Even assuming that it's authentic, the note itself isn't conclusive. The note does not have the Messiah's name on it name explicitly; rather it contains a verse with the acronym for the Hebrew name for Joshua. Rabbi Kaduri died in 2006 and that year, Joshua was the 3rd most popular name for boys; with Jacob and Michael in the first two places. There have been millions of Joshua's born, so which Joshua is it?

Had Rabbi Kaduri wanted to unequivocally write that Jesus was the Messiah (as is the premise of the book), all he would have needed to do was add 4 Hebrew letters (Hebrew for `of Nazareth') to declare unambiguously which Joshua he was referring to. But let's not let logic get in the way of an imaginative tale.

Just as the reference to which Joshua is vague, the book is filled with many other ambiguous references and logical leaps of faith.

The point of this review is not to refute each and every one of them, rather to alert the reader to their existence. The astute reader will note the author's frequent use of if, then logic. The problem is that the book is filled with highly tenuous if's.

Another serious issue in the book is that uses the term `Kaduri's prophecies' in the title and scores of times in the book itself. But neither Kaduri nor any of his followers ever considered himself to be a prophet and he never uttered anything in the name of prophecy. The notion of a Rabbi in modern times uttering a prophecy would be sacrilegious, particularly to someone like Rabbi Kaduri, who was dedicated in totality to traditional Jewish law. These misinterpretations of contemporary Judaism lead the author down a road with mistaken assumptions and incorrect conclusions.

The author doesn't seem to have a have a mastery of the Hebrew language, given on pages 64-65, the Hebrew letters are reversed.

While his not understanding Hebrew may be excused, the author's naiveté towards modern Islam and its relation to Christianity in the book is disconcerting. His frequent use of references from Mahmoud Ahmadinejad, including using a quote from him to open chapter 15, is also perplexing. It would be hoped one could separate a conjectural quote from reality.

It seems that in an attempt to connect Kaduri's note to Jesus, that the author has closed his eyes to who Ahmadinejad is, a person who denies the Holocaust and has a goal to annihilate the state of Israel. It should be noted that Ahmadinejad is no friend of Christians or the Christian world. Just last month, Fox News reported that four Iranian Christians were sentenced to 80 lashes for drinking wine for communion there. A new United Nations report blasted Iran for its systematic persecution of non-Muslims. In Iran, converting from Islam to Christianity can bring the death penalty.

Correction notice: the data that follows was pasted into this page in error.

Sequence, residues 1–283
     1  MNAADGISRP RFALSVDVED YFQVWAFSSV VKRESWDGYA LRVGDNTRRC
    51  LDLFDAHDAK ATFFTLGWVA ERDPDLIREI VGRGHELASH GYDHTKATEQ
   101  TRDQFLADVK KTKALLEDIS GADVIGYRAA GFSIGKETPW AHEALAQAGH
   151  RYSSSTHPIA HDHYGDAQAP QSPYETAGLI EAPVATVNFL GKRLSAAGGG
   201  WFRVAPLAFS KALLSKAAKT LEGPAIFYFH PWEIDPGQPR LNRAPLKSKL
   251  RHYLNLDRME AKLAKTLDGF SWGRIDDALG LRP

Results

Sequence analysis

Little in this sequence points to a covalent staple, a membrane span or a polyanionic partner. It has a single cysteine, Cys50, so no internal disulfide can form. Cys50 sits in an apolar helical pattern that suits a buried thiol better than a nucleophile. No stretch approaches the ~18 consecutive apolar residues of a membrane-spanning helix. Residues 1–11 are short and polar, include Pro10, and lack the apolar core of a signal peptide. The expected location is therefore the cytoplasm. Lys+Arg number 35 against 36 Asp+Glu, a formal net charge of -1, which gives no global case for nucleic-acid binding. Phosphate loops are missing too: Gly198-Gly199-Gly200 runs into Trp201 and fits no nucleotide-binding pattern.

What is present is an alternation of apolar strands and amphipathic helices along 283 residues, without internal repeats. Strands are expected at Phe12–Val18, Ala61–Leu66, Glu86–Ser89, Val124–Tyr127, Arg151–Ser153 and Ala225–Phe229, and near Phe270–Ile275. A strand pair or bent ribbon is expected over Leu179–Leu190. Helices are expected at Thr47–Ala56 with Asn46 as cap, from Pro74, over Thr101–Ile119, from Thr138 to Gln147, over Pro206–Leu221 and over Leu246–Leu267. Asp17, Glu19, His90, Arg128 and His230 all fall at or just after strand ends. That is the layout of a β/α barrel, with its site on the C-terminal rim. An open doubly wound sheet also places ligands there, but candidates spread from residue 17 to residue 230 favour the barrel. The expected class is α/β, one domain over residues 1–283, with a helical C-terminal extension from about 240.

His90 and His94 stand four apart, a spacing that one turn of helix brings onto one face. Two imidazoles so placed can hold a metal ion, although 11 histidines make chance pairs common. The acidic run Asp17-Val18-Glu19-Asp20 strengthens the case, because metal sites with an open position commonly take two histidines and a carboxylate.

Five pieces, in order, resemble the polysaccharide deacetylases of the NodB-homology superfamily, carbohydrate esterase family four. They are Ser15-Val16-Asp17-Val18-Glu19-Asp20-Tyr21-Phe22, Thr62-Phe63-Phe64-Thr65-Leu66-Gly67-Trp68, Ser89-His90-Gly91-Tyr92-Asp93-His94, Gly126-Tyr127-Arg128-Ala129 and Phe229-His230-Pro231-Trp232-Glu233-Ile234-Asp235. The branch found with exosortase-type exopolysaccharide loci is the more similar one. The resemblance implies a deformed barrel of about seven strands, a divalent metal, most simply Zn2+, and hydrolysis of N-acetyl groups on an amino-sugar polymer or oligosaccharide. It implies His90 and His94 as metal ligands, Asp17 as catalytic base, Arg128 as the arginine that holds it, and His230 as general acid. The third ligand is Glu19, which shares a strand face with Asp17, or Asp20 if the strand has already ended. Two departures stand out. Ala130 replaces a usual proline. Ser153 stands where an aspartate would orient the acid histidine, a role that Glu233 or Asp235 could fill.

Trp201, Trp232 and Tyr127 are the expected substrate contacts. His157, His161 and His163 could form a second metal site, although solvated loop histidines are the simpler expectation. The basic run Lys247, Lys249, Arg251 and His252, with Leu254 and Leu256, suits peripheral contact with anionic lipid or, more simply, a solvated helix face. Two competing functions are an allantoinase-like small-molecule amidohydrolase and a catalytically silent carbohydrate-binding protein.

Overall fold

The author may also want to see what is happening to his fellow Christians in Egypt, particularly members of the Coptic church there, who are being killed and having their places of worship burnt down.

Aside from the many errors in the book, the author's web site states with a large dose of hyperbole that the Kaduri's note shook the religious world to its foundation and is still shaking it. And least for this reader, the only shaking is that of utter disbelief, that anyone could take a book like this seriously.
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27 of 37 people found the following review helpful
on March 4, 2014
If you are a Christian don't waste your time. Things like the Messiah has been in Israel since 2005! Messiah has attached himself to a man and now has 2 souls but the man is not aware. Later he will make himself known. He set a date of September 2012 that the Messiah would return (did that happen?) yet Kaduri already stated the Messiah has been in Israel since 2005. The book rambles about Ariel Sharon who has to die before the Messiah will return. What a hot mess! One thing this book did was separate me from my hard earned CASH!!!
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14 of 19 people found the following review helpful
on November 11, 2013
If you just want to read something light where the author tells you what to believe, this book is not for you. Pastor Gallups has done all the research and you have to make your own choice in the end. He has covered the question from all sides in fair accounting for everyone. Now it is up to you. What will you do with Jesus?